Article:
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3967 Frequency and Outcomes of Obinutuzumab-Induced Thrombocytopenia

Program: Oral and Poster Abstracts
Session: 311. Disorders of Platelet Number or Function: Clinical and Epidemiological: Poster III
Monday, December 11, 2023, 6:00 PM-8:00 PM

Jun Yen Ng, BmedSci (Hons), MBBS, MClinTRes1*, Maansi Joshi, BMBS2* and Philip Young-Ill Choi, BSc, MBBS, PhD3

1Haematology, Canberra Hospital, Canberra, ACT, Australia
2Haematology, Canberra Hospital, Canberra, Australia
3Haematology, Canberra Hospital, Canberra, AUS


Obinutuzumab (Obi) is a third-generation anti-CD20 monoclonal antibody widely used in the treatment of B-lymphoproliferative disorders (B-LPD) including follicular lymphoma (FL) and chronic lymphocytic leukemia (CLL). It is infrequently associated with severe thrombocytopenia which can be life-threatening. The pathophysiology is unclear, but platelet clearance can be extremely rapid (<24 hours).


After obtaining local ethics review, we collected the total number of patients who received Obi as part of multi-agent chemotherapy for the following hematological diseases from 01/01/2015 -01/01/2023: FL (Obi-bendamustine +/- Obi maintenance; Obi-cyclophosphamide/vincristine/prednisone +/-doxorubicin +/- Obi maintenance, Obi-Zanubrutinib (Rosewood trial) and CLL (Obi-venetoclax; Obi-chlorambucil). All cases of clinically suspected Obi-induced thrombocytopenia were reviewed and presented below. All suspected cases were confirmed by evidence of temporal relationship with Obi, spontaneous resolution off Obi, and recapitulation with Obi rechallenge.


Four out of 147 patients receiving Obi-based multi-agent chemotherapy were found to have Obi-induced thrombocytopenia (frequency 2.7%). Two patients were females (50%), and the median age was 78 (range, 72-82) years.

Figure 1 demonstrates the trend of platelet and neutrophils in a patient who received Obi and venetoclax (Ven). Ven was postulated as the cause of the thrombocytopenia, but Ven cessation had no effect on the thrombocytopenia. After suspending Obi, there was a steady increase in the platelet count to 104 x 109/L. Obi was re-commenced at cycle 7 (eighth dose) which was followed by a prompt relapse to 4 x 109/L 48 hours later. A steady recovery in the platelet count was again seen after ceasing Obi.

The other 3 patients received Obi-bendamustine for FL. For the first patient, thrombocytopenia occurred on day 7 of first cycle (41 x 109/L) with a nadir of 14 x 109/L on day 11. She received intravenous immunoglobulin (IVIg) and oral corticosteroids due to associated bleeding. The second patient had thrombocytopenia on day 28 of the first cycle (71 x 109/L) which decreased to a nadir 13 x 109/L while receiving Obi-maintenance. There was no bleeding and Obi was ceased followed by a gradual improvement in thrombocytopenia. For the third patient, thrombocytopenia (41 x 109/L) occurred on day 18 of first cycle without bleeding. Obi was changed to rituximab.


This is the first known study on the frequency of Obi-induced thrombocytopenia (2.7%). Obi-associated thromboctopenia is severe, sudden-onset, not exclusive to the first cycle of therapy, and the mechanism remains unknown.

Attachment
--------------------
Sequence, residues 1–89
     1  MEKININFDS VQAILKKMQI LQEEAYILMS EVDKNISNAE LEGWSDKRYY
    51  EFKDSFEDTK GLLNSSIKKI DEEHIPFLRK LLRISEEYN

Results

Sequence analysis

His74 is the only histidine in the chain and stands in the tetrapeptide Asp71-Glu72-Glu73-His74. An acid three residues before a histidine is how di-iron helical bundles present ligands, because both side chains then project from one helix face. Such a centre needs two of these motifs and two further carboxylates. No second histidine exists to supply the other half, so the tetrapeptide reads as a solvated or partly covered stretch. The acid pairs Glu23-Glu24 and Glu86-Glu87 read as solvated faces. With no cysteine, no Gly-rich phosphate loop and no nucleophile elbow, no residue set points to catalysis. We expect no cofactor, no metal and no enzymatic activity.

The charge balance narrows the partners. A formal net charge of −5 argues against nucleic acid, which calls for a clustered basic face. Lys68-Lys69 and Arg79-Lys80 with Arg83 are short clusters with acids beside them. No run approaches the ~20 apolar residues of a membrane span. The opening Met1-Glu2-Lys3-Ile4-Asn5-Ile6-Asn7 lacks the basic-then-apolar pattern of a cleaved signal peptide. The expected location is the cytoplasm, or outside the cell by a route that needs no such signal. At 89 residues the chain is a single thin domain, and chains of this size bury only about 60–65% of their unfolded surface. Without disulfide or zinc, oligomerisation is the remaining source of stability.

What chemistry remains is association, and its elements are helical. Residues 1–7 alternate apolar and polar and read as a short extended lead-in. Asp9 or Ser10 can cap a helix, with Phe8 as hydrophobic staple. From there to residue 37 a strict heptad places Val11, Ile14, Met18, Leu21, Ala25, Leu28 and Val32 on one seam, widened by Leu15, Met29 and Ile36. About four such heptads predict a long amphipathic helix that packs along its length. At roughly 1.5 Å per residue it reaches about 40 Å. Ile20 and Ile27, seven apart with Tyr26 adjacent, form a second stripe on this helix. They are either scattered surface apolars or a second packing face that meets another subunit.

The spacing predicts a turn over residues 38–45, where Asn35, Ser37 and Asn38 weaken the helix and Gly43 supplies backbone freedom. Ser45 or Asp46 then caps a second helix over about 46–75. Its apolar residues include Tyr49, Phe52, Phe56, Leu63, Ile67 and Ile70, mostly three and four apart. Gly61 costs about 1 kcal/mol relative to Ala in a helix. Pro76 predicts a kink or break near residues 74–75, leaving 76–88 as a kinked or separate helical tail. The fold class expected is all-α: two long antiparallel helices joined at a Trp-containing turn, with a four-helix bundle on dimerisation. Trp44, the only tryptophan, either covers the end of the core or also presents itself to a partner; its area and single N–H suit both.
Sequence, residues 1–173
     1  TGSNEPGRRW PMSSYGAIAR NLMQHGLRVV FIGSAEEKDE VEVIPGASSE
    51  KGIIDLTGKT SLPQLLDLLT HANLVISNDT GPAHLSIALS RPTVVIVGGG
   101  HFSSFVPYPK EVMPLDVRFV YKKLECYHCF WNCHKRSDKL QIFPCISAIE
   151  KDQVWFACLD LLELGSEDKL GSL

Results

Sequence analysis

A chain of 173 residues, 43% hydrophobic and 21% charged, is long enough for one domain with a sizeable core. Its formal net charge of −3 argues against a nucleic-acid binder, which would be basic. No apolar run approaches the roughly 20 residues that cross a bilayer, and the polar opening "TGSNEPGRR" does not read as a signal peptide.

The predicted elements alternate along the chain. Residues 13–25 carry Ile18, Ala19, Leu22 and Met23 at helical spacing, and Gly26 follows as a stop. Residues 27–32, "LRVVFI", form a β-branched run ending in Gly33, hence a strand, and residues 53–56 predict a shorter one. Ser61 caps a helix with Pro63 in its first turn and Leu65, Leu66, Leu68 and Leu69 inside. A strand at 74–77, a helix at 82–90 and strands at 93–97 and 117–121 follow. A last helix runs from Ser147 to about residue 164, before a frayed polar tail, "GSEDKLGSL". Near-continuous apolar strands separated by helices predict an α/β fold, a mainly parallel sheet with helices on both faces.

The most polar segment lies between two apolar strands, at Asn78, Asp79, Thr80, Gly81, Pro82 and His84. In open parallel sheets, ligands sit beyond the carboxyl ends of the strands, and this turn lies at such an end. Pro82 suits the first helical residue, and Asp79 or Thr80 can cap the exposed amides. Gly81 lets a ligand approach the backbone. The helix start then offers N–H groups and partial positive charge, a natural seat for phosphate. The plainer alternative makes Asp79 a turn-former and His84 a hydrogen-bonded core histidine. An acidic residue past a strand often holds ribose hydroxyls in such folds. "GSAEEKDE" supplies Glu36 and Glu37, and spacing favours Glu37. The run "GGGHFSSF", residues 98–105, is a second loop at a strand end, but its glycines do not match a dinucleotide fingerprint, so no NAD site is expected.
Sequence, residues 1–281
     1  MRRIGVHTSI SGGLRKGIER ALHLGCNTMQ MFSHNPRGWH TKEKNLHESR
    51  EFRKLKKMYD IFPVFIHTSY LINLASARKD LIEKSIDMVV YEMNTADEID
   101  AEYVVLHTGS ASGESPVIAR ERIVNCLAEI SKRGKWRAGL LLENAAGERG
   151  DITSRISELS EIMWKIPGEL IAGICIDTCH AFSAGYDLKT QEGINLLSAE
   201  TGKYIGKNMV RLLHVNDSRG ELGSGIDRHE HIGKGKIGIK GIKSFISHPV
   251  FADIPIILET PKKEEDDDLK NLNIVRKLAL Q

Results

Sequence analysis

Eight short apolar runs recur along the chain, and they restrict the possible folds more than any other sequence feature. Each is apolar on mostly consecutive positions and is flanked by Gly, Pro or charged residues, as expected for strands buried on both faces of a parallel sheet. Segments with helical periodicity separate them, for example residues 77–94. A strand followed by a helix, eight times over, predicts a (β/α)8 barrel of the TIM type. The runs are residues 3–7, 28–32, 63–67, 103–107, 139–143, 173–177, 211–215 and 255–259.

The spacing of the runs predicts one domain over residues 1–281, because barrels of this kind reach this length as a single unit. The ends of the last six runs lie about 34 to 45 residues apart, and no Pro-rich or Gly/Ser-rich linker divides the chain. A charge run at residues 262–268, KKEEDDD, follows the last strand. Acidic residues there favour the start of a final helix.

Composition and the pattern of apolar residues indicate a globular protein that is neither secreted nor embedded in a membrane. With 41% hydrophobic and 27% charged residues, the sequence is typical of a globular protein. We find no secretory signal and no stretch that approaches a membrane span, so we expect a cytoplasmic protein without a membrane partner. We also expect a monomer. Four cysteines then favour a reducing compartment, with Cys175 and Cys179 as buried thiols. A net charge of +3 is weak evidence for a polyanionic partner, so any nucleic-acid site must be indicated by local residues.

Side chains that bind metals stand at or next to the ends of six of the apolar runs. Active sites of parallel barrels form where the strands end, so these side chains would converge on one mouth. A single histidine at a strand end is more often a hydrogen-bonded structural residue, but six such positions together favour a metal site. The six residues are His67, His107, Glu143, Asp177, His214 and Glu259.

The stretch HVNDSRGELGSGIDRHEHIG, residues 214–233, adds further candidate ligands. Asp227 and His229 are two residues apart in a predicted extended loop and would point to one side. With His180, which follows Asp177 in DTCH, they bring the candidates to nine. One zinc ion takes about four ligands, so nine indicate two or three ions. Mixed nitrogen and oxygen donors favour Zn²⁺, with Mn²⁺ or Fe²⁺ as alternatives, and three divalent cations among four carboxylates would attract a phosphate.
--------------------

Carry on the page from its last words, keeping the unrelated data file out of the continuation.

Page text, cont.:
The diagnosis may be challenging as patients are often receiving other myelosuppressive therapies. Various strategies may help to elucidate the cause, including correlation with timing of exposure and single agent elimination. Suspension of Obi on suspicion is both an important diagnostic and therapeutic strategy. Obi rechallenge can be considered however thorough patient discussion is required with close monitoring and strategies to manage thrombocytopenia.

In multi-agent chemotherapy studies containing Obi, severe thrombocytopenia of any cause occurred in up to 13% of cases including fatal hemorrhage. The optimal management is unclear. As our cases demonstrate, thrombocytopenia may resolve spontaneously after withdrawing Obi. Analogous to ITP, steroids, and intravenous immunoglobulin (IVIg) have been associated with response whereas platelet transfusions may be ineffective. Two recent cases with severe thrombocytopenia were treated with thrombopoietin receptor agonist (TPO-RA). Other important considerations are regular blood count monitoring and withholding medications which may increase bleeding risk (e.g., anticoagulants) especially during the first cycle.


Obi is prevalent in the treatment of B-LPD, being used in 6 different regimens in local guidelines. However, clinicians need to be aware of the risk of thrombocytopenia which may be severe. The frequency was 2.7% in this single-center retrospective audit. Correlation with timing of exposure is important. The optimal management is unclear. It may be self-limiting whereas some cases have been treated with steroids, IVIg, and TPO-RA. Further studies are required to delineate the incidence, pathophysiology, diagnosis, and management.

Disclosures: Choi: Janssen: Consultancy, Honoraria; Swedish Orphan Biovitrum: Consultancy; Novartis: Speakers Bureau; Amgen: Speakers Bureau.

*signifies non-member of ASH